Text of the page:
Lichen simplex chronicus is a skin condition caused by
Causes, incidence, and risk factors
This disorder may occur in people who have:
- Skin allergies
Nervousness, anxiety, depression, and other emotional problems
The problem is common in children, who cannot stop scratching insect bites and other itchy skin conditions. It is also found in children who have chronic repetitive movements.
This skin disorder leads to scratching which in turn causes more itching.
- It may start when something that rubs, irritates, or scratches the skin, such as clothing.
- The person begins to rub or scratch the itchy area. Constant scratching causes the skin to thicken.
- The thickened skin itches, causing more scratching, which causes more thickening.
- The skin may become leathery and brownish in the problem area.
Itchingof the skin
- May be long-term (chronic)
- May be intense
- Increases with nervous tension, stress
Skin lesion, patch, or plaque
Signs and tests
Your health care provider will look at your skin and ask if you have had chronic itching and scratching in the past. A
The main treatment is to stop scratching the skin. You may have:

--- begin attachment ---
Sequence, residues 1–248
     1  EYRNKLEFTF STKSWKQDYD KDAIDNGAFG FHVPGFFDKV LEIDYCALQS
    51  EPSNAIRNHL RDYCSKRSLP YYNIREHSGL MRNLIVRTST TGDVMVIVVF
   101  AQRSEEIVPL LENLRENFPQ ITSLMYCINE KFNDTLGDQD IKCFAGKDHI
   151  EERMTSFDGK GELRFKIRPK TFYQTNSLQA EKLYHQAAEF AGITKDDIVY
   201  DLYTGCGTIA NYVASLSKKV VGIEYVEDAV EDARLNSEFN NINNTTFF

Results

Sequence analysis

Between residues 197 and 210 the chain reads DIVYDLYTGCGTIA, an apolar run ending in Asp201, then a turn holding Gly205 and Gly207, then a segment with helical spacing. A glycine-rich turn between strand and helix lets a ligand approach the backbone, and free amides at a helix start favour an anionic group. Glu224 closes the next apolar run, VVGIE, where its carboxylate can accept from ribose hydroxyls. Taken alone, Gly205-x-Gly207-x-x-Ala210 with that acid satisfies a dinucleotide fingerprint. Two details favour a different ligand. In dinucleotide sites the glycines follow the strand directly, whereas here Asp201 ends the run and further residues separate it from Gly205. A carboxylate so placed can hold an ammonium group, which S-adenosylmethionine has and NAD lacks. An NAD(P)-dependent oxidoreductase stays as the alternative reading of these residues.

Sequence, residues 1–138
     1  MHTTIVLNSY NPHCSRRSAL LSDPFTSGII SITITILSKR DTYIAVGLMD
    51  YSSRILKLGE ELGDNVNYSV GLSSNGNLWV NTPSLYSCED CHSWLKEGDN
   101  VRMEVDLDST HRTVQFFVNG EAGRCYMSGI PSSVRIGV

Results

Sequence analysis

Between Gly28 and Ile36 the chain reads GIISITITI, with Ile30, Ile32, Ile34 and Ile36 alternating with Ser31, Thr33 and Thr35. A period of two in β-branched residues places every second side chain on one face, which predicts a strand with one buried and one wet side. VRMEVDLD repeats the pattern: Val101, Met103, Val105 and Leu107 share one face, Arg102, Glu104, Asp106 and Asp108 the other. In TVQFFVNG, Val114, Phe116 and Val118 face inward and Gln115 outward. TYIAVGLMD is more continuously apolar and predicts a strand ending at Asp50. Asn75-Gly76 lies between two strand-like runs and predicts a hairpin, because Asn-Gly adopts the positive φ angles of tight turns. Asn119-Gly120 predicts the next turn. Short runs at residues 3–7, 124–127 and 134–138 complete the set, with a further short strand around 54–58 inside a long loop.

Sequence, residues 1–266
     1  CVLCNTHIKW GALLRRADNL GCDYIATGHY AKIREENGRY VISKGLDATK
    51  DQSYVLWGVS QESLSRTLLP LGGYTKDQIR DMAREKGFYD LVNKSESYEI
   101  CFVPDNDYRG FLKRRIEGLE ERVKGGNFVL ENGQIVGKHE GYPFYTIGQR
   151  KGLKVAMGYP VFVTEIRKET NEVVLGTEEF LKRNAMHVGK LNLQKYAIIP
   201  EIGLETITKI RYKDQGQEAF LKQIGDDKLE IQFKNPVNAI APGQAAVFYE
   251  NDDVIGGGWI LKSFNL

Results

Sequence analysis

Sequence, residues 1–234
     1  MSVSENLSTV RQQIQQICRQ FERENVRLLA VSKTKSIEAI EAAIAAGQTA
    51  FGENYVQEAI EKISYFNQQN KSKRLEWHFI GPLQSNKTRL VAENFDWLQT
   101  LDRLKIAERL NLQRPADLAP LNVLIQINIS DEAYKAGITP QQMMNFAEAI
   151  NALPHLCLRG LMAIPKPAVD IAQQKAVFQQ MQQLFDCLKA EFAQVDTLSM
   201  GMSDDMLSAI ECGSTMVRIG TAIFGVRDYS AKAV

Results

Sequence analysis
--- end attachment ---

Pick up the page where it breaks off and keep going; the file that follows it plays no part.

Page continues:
- Counseling to help you realize of the importance of not scratching
- Stress management
- Behavior modification.
You may need to use the following medicines on your skin:
- Lotion or steroid cream on the area to calm itching and irritation
- Peeling ointments containing salicylic acid on patches of thick skin
- Soaps or lotions containing coal tar
You many need to use dressings that moisturize, cover, and protect the area. These may be used with or without medicated creams. They are left in place for a week or more at a time.
You may need take medicines by mouth to control itching and stress such as:
Steroids may be injected directly into the skin patches areas to reduce itching and irritation.
You may need to take antidepressants and tranquilizers to treat emotional causes for the problem.
You can control lichen simplex chronicus by taking steps to control scratching and reduce stress. The condition may return or move to different areas on the skin.
- Bacterial skin infection
- Permanent changes in skin color
- Permanent scar
Calling your health care provider
Call your health care provider if:
Symptoms get worse
You develop new symptoms, especially signs of skin infection such as pain, redness or drainage from the area, or fever